The time is now to deliver healthy, safe and efficient homes for the future

“The much-anticipated Future Homes Standard (FHS) will be fully adopted in less than a year, so now is the time to ensure home heating systems work in harmony and tick every box – from energy efficiency and improved indoor air quality to damp and mould prevention,” says Ashley Cooper, Managing Director at WMS, leading supplier and installer of underfloor heating systems in the UK.

“Interim changes enforced from June 2022, including adjustments to Part F and L of the Building Regulations, were some of the most significant adjustments the UK housing market has ever seen for new-build and retrofit projects. The FHS builds further on these changes and, coupled with improvements already made to energy efficiency standards, are designed to prevent damp and mould, excess cold and heat, and improve air quality.

“Delivering warm, safe and decent homes is a priority for the government in setting these new standards, and there’s an increased focus on this following the publication of a new report, the recent Health and Social Care Committee report1. The findings suggest that excess cold, heat, damp and mould are some of the most serious housing hazards, so creating healthy, safe homes for now and the future has never been more important.

“While increased ventilation may seem like the solution, unfortunately, it can’t be relied upon all year round because air temperatures and cold surfaces also play their part in the formation of condensation and, subsequently, mould growth.

“The only heating system which can heat all surfaces in the room evenly is radiant heating, specifically hydronic (water-based) underfloor heating. This form of heating creates evenly warm spaces, and because warm air holds more moisture than cool air, that room can hold more moisture rather than depositing it as condensation and, subsequently, mould growth. Boilers and standard radiators will no longer be an option to meet the new regulatory demands and cannot heat all surfaces in the room evenly. Underfloor heating also meets the needs of screeded systems, suitable for new builds, and low profile systems, which keep floor build-up to a minimum in retrofit scenarios.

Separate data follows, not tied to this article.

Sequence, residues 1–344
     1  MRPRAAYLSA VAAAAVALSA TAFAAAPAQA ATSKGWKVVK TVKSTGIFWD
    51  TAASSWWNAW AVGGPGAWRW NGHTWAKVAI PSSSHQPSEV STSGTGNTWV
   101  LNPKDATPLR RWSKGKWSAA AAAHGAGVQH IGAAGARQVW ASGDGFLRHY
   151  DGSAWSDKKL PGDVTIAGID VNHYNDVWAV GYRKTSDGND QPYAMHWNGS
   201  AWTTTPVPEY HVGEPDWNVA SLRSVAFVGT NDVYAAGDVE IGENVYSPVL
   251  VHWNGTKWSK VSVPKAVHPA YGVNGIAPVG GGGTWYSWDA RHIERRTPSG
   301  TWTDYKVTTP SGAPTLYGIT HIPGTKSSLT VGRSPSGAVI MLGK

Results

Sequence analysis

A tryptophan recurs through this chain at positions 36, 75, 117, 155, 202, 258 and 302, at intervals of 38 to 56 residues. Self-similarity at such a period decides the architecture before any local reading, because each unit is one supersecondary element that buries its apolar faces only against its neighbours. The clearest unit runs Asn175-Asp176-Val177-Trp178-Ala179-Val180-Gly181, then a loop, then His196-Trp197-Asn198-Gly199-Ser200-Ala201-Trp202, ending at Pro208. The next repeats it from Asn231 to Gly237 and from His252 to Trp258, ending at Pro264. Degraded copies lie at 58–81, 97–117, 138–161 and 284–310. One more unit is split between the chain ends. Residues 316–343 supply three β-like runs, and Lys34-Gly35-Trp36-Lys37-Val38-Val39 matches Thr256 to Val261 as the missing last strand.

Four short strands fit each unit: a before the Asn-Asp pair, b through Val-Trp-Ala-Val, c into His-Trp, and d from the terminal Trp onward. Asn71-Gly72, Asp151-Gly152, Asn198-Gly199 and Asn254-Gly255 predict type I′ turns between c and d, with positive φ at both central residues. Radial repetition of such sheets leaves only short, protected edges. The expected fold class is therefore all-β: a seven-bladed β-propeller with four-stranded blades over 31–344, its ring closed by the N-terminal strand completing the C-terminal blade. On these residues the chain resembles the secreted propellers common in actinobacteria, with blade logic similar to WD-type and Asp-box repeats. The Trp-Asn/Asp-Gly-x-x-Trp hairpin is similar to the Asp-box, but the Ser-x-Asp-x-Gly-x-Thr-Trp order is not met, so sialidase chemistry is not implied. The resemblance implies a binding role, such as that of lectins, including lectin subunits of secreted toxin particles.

“Pairing seamlessly into a low-temperature system, hydronic (water-based) underfloor heating, by design, covers a much greater surface area than radiators and is designed to run at 35°C rather than the 70°C required by a standard radiator system.

“While air source heat pumps (ASHP) are a popular choice to meet the new standards, as these heat sources have far fewer tolerances than the industry is used to, especially compared to traditional heating systems. A poorly designed system could increase energy bills and is a risk that cannot afford to be taken when National Energy Action2 predicts that three million households in England alone will still be trapped in fuel poverty by 2030 – the same number who are currently in fuel poverty in England living in cold, damp and unhealthy homes.

“To ensure maximum efficiency is achieved, precision design and installation are critical, and hydronic underfloor heating is the only heat emitter that supports this type of renewable heat source to achieve its most effective coefficient of performance (COP), running between 35-45°C. Together, ASHPs and underfloor heating create a low-temperature solution which ticks every regulatory box. However, collaboration is key as the industry works together to navigate the period of change and low carbon future ahead.”

WMS has also shared further findings around the issue of tackling mould within residential properties here.